Please tell us about your career pathway to date (positions and institutes).
I graduated from the University of Newcastle, NSW Australia, as a Dietitian in 1995 and worked in numerous roles including private practice. Coming back after having 3 children I started working as a Project Officer in the Population Health unit within Hunter New England Local Health District in NSW, where my role was to support schools’ implementation of healthy eating and physical activity policies and programs. I soon took on a PhD which focused on developing a cost effective and scalable level of support for school healthy eating policies. I was awarded my PhD in November 2018 and have since held the role of Nutrition Program Manager within the same health service. Hunter New England Population Health has a research practice partnership with the University of Newcastle which gives us the unique opportunity to embed research within routine service delivery in various community settings.
How would you briefly describe your current research/job to someone who is not familiar with your field of study/work? What is your main research interest?
Currently I am leading the development of a secondary school nutrition program aimed at increasing implementation of a school-based healthy eating policy and improving the dietary intake of adolescents. I am also responsible for implementation support across the Hunter New England region of the NSW Health Facility Food and Drink Framework. My research interests are in optimizing the public health benefits of nutrition guidelines and policies through the identification of strategies to improve long term implementation of such in community settings.
What are the main barriers you encounter/experience when conducting research, or what information/skills do you lack to conduct high quality research?
One of the main barriers or time consuming factors that I regularly come across in my research in the schools setting is the recruitment process. I have learnt that it is important to ensure you have adequate time allocated to the recruitment of participants that will not eat into dedicated intervention delivery time. Additionally, I think it is important in settings such as schools, who have many competing demands, to acknowledge that it takes time to gain buy-in and commitment from participants, and this should be factored into your program timeline.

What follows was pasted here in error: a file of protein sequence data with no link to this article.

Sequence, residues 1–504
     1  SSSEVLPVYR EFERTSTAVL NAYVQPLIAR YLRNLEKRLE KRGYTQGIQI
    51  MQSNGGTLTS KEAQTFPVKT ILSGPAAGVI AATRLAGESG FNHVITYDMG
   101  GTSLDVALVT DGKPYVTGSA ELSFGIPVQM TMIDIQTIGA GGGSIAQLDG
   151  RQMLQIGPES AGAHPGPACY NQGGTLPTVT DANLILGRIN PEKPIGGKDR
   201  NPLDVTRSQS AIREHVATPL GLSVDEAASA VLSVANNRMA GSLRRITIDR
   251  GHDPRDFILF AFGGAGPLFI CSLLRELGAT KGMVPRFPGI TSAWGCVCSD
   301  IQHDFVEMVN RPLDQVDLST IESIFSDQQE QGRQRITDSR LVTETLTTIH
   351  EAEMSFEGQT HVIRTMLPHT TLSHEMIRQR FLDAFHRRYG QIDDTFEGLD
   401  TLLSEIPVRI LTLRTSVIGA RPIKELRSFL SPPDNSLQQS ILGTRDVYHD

What could help you as a student/ECR to further develop/grow in your current position?
One of the greatest opportunities I have had thus far was a research travel grant which allowed me to visit leading researchers in my field and spend time at their institution. It gave me the opportunity to meet researchers I otherwise may not get to engage with and to start to develop collaborations independently of my supervisors.
What do you think will be the next most important development in the nutrition and/or physical activity field?
I believe a large focus will be on gaining a better understanding of the barriers and facilitators of successful implementation of nutrition and physical activity programs. Identifying how implementation strategies exert their effects (mechanism) represents a critical evidence-base to advance the science of implementation for the field and to guide the development of strategies to optimise both nutrition and physical activity guideline implementation.
You can get in touch with Kathryn via email [email protected] or on Twitter @KathrynLReilly